Dublin’s double wraps up the inter-county year

Photo: Irish Independent (Seb Daly/Sportsfile)

Two weeks after Dublin’s men reclaimed the Sam Maguire, the county’s women footballers today did the LGFA equivalent by winning back the Brendan Martin Cup. They were full value for their All-Ireland win this afternoon, their sixth one ever in what was the 50th LGFA national final, as they saw off Kerry by 0-18 to 1-10 in front of a crowd of just over 45,000 at Croke Park.

On TG4’s match commentary, the word brú invariably features prominently. Right from the throw-in today, Dublin went after Kerry, applying pressure all over the pitch and this hard-working approach – which captain Carla Rowe pointed to in her after-match interview – was the bedrock for their success.

Kerry haven’t tasted an LGFA All-Ireland victory in thirty years but having dethroned back-to-back champions Meath on the way to today’s decider they were warm favourites to land their twelfth title today. But it was clear from early on that they were in bother in this one, with their star turn up front Louise Ní Mhuircheartaigh well shacked in the opening half, while Dublin largely controlled the middle third and put a real squeeze on the Kerry kickout.

Hannah Tyrell has excelled at both rugby and soccer as well as Gaelic football but, hunting her first All-Ireland medal, she had the look of a woman on a mission today. In a Player of the Match performance she shot eight first half points, four of them from play, as Dublin went in at the break seven to the good.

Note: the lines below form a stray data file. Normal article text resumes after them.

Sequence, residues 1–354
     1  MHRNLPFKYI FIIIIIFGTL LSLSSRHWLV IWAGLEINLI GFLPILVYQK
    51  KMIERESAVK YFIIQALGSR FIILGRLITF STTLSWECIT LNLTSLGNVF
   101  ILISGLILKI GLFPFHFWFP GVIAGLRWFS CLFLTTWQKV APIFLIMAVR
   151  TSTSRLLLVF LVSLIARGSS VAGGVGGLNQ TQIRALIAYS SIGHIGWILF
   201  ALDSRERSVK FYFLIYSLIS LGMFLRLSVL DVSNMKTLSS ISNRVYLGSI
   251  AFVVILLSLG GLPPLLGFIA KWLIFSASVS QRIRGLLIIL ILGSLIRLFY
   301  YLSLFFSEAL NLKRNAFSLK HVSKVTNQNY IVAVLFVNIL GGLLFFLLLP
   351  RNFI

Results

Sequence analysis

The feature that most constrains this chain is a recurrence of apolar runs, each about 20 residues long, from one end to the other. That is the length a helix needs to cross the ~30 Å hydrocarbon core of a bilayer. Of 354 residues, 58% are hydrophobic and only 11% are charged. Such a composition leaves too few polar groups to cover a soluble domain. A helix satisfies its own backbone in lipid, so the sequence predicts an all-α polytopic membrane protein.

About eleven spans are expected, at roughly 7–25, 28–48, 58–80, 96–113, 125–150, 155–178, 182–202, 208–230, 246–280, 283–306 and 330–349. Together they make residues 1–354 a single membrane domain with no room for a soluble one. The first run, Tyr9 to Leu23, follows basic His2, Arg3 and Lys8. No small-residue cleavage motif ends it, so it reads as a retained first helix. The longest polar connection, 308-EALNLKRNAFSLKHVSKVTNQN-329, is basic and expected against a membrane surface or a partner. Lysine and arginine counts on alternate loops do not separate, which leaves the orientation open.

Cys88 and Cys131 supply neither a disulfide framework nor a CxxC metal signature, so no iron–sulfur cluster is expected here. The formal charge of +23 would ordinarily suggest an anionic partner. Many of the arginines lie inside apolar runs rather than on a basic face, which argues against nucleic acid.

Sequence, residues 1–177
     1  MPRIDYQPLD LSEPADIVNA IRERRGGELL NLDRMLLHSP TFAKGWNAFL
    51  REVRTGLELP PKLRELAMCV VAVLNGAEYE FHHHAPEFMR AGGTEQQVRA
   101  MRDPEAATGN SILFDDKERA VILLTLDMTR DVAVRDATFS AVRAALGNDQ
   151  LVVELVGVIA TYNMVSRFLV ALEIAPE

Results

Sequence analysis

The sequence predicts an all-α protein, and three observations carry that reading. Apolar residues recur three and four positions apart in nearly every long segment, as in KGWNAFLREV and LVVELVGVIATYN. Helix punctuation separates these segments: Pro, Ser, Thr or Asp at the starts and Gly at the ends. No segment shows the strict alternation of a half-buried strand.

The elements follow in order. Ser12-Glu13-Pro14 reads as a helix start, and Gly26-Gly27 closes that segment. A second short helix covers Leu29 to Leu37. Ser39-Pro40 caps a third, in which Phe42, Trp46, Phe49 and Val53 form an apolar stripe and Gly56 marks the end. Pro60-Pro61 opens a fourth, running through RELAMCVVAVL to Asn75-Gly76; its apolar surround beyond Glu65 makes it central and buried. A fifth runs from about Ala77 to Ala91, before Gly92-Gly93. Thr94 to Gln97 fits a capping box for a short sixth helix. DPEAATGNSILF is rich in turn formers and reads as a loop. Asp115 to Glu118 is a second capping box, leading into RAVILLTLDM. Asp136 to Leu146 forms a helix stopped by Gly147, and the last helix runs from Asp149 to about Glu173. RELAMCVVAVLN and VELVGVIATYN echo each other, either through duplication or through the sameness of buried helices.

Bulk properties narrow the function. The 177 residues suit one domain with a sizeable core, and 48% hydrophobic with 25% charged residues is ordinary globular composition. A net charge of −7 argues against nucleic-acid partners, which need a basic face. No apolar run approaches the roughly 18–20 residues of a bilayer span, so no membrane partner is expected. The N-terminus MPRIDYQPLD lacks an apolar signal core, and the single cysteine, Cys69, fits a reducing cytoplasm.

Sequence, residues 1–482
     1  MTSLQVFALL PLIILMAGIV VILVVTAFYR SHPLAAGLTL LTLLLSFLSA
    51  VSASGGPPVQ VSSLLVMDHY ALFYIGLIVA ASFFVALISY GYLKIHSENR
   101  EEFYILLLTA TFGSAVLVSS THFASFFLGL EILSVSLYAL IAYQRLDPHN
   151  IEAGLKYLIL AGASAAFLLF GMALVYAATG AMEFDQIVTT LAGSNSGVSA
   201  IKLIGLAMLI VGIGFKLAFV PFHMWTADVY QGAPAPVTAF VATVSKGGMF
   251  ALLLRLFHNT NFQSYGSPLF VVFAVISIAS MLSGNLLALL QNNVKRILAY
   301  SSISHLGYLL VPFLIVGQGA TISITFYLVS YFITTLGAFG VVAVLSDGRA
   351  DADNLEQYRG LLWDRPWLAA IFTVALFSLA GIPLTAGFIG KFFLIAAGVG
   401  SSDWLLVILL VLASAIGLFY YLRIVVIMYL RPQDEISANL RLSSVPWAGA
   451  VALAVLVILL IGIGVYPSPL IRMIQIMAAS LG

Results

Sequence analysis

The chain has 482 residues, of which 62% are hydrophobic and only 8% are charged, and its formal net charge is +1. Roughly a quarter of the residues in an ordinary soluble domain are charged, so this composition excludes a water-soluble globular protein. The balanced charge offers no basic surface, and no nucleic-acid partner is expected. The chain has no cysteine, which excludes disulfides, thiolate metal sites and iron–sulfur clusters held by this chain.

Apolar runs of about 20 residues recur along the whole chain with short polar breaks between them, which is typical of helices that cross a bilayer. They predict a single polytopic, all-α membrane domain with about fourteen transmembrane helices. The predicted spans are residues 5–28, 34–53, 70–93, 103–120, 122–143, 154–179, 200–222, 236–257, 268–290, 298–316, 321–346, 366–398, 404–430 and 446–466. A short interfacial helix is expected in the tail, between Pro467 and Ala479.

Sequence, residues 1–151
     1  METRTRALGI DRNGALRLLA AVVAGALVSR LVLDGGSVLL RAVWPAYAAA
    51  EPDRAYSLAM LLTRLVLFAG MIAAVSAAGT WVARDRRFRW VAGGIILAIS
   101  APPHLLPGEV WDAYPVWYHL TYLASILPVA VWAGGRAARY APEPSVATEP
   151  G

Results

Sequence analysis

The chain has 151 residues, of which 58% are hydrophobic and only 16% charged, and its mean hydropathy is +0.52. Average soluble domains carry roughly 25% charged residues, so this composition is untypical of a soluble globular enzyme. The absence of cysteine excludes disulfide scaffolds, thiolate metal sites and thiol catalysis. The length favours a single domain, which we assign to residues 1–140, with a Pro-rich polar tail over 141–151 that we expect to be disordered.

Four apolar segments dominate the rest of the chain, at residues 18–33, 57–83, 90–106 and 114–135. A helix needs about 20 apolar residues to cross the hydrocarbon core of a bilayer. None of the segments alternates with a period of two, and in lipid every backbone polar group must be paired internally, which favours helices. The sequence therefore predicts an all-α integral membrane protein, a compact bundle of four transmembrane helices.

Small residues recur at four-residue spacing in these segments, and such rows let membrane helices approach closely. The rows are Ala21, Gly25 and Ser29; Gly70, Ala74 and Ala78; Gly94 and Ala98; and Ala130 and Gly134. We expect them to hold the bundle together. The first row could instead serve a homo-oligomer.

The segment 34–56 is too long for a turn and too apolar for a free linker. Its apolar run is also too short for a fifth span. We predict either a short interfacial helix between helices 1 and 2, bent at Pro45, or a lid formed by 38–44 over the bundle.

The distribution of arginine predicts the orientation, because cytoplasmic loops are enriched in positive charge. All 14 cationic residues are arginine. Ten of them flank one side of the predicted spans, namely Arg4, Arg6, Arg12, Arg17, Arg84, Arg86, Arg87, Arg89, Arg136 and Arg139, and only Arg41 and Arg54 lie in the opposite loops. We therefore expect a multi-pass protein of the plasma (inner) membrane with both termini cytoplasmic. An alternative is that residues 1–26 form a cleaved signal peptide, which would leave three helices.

Kerry started the second half brighter but then a third quarter surge saw Dublin extend their lead to nine points. When Louise Ní Mhuircheartaigh – now a real handful up front – pawed the ball to the net for the game’s only major, it gave the Kingdom renewed hope but in truth the score had come too late and Dublin were relatively comfortable in how they closed out the win.

As both manager Mick Bohan and skipper Carla Rowe acknowledged afterwards, an All-Ireland title was the furthest thing from the team’s minds when the panel assembled before Christmas. With an influx of new players since the glory days, the main aim for 2023 was to make the county competitive again and there was no real expectation of national glory this year.

Dublin’s success today – coming in the wake of Meath’s bolt from nowhere when they made the breakthrough in 2021 – shows how it’s possible in LGFA to emerge without warning from the pack and claim a national title. That said, Kerry’s second successive final defeat – and, be in no doubt, this is a fine Kerry team – shows that the final step can also be a perilous one.